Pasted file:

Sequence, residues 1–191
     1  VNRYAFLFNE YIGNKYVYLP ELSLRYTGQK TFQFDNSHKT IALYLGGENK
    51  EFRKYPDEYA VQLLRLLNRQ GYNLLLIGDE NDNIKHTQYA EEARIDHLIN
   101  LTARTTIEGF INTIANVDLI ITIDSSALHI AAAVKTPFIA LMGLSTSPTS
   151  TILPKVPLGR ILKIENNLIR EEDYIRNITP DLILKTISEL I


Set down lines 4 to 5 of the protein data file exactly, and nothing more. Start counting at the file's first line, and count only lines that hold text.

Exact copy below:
   101  LTARTTIEGF INTIANVDLI ITIDSSALHI AAAVKTPFIA LMGLSTSPTS
   151  TILPKVPLGR ILKIENNLIR EEDYIRNITP DLILKTISEL I